“generate and test” has been applied rather successfully (Brown and Chandrasekaran 1989,
Cunis et al. 1989, Marcus and McDermott 1989). CBR, however, follows the paradigm“retrieve
and adapt” (Leake 1995). Both concepts can work fine together to solve design problems.
A previously solved design problem that contributes a good deal to the desired solution may
bound difficult synthesis and adaptation tasks to a tractable rest problem. Following this idea,
the starting position of a design problem should be created with CBR methods, while for the
heuristic and search-intensive adaptation tasks other AI paradigms come into play.
As mentioned at the outset, a design problem is stated by a set of user demands, D; a solution
to a design problem is a system, S, which can be understood as a collection of objects or as
some kind of construction plan. S is a solution of the design problem D, if the behavior of the
system S complies with D.
1
There exist other approaches to hydraulic circuit design, such as (Piechnick and Feuser 1994, Fluidon GmbH
1992). The main difference to the approach presented here is that only predefined circuit topologies are treated. An
exception is the SCHEMEBUILDER system, which allows for the construction of simple parallel topologies (Oh et
al. 1994, da Silva and Dawson 1997); however, the system is not able to verify its design proposal by a simulation.
Remarks. There exist two concepts of how a problem’s solution can be defined: One of them
codes the problem solving process, the other codes the result of a problem solving process,
for example in the form of a system description S. From this distinction result two analogy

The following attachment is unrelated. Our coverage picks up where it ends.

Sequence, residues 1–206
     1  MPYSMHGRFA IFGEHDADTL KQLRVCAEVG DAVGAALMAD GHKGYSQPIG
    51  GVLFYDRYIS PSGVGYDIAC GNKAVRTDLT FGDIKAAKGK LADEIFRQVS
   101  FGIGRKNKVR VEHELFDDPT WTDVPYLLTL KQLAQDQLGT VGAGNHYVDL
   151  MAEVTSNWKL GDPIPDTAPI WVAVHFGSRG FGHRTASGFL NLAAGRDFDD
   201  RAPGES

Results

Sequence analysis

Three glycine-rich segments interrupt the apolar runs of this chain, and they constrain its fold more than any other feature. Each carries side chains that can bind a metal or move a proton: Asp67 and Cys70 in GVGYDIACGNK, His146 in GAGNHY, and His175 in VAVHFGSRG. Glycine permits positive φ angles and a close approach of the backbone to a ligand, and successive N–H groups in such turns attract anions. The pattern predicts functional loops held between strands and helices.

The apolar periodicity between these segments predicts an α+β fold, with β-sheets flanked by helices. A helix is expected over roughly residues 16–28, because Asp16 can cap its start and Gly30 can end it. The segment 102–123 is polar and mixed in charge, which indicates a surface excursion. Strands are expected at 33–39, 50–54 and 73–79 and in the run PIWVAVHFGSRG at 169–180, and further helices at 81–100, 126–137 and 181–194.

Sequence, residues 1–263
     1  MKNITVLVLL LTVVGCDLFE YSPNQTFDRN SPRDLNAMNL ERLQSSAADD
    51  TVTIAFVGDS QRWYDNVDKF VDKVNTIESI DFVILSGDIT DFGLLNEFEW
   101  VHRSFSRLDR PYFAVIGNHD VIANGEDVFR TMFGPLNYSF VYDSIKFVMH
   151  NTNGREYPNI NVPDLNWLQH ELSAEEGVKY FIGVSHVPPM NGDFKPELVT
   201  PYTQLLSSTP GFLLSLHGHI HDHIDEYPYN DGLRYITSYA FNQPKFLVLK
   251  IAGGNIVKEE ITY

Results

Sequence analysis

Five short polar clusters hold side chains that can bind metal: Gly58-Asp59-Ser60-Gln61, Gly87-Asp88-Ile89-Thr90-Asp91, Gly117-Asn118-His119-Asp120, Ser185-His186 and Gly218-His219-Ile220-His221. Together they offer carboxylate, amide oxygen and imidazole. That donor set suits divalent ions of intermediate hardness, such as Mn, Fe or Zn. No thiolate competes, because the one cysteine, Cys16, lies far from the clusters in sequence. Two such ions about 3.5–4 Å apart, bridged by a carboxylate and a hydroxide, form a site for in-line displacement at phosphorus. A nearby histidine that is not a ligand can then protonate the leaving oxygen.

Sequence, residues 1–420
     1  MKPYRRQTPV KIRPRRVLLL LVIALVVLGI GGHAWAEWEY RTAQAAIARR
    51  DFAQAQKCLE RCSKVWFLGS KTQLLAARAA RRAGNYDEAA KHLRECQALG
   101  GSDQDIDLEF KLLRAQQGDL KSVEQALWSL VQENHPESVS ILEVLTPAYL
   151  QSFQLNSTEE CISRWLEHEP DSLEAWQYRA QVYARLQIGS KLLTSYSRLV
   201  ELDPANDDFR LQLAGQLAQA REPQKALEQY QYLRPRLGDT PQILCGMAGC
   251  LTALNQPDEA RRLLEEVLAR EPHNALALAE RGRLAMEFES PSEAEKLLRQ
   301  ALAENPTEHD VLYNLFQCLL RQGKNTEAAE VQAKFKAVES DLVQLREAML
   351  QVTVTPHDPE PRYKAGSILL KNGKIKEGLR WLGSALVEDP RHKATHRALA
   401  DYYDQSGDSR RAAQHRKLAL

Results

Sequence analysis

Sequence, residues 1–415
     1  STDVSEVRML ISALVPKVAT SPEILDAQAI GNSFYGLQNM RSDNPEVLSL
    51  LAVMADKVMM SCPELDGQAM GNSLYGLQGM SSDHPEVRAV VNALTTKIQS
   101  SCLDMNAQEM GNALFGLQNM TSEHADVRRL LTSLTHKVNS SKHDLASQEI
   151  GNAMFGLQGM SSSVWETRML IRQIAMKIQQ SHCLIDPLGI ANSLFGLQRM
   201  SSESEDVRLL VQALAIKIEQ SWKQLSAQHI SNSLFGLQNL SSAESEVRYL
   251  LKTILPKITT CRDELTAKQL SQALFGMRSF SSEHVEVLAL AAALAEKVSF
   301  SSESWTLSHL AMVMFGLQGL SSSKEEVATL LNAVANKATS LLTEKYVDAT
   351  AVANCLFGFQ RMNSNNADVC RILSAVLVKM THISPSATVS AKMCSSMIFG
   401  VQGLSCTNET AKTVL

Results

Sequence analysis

concepts in CBR, namely that of derivational analogy (belonging to the former) and that of
transformational analogy (belonging to the latter) (Carbonell 1986, Goel and Chandrasekaran
1989, Hinrichs and Kolodner 1991). For reasons of clearness, the considerations of this paper
are oriented at the latter, i. e., at the system description view, but they could be reformulated to
the process-centered view as well.
Definition
2.1
(Case, Case base, Query). Let D be a set of demand sets, and let S be a set of
systems. A case C is a tuple C = ¸D, S), D ∈ D, S ∈ S, where S constitutes a solution for
D. A set CB consisting of cases is called a case base. A case of the form q = ¸D, ) is called
query or problem definition to a case base.
When given a query q = ¸D, ) to a case base CB, two jobs must be done to obtain a solution to
q. (i) Retrieval of a similar case c, and (ii) adaptation of c such that D is fulfilled.
Weß (1995) mentions three approaches to define similarity: Similarity based on predicates,
similarity based on a preference relation, and the most generic concept, similarity based on a
measure. In connection with design problem solving, only the last is powerful enough, and the
following definition will formalize a similarity measure for design case bases.
Definition
2.2
(Case Similarity, Similarity Measure). Given is a symmetric function σ : D
D →[0; 1], which additionally has the reflexivity property, σ(D
1
, D
2
) = 1 ⇔ D
1
= D
2
.
Moreover, let c
1
= ¸D
1
, S
1
) and c
2
= ¸D
2
, S
2
), c
1
, c
2
∈ CB, be two cases. Then the case
similarity sim : CBCB → [0; 1] is defined by means of σ in the following way: sim(c
1
, c
2
) =
σ(D
1
, D
2
); σ is called a similarity measure.
Remarks. (i) The semantics of σ shall be as follows. The more similar two demand sets D
1
and
D
2
are, the larger shall be their value σ(D
1
, D
2
). (ii) The symmetry property guarantees that
sim(c
1
, c
2
) = sim(c
2
, c
1
); the reflexivity property defines the self-similarity of a case.
3 CASE-BASED DESIGN OF FLUIDIC SYSTEMS
Typically, a case-based reasoning approach to a design problem is realized in a monolithic
manner—by mapping a complex set of demands, D, directly onto a system S ∈ CB. This
approach is absolutely futile here since a case base CB that provides adequate solutions for the
entire variety of fluidic demand sets can neither be set up nor maintained.
In contrast to such a monolithic view, the presented approach is grounded on the principle of
“functional composition” (Stein 1996). The principle says that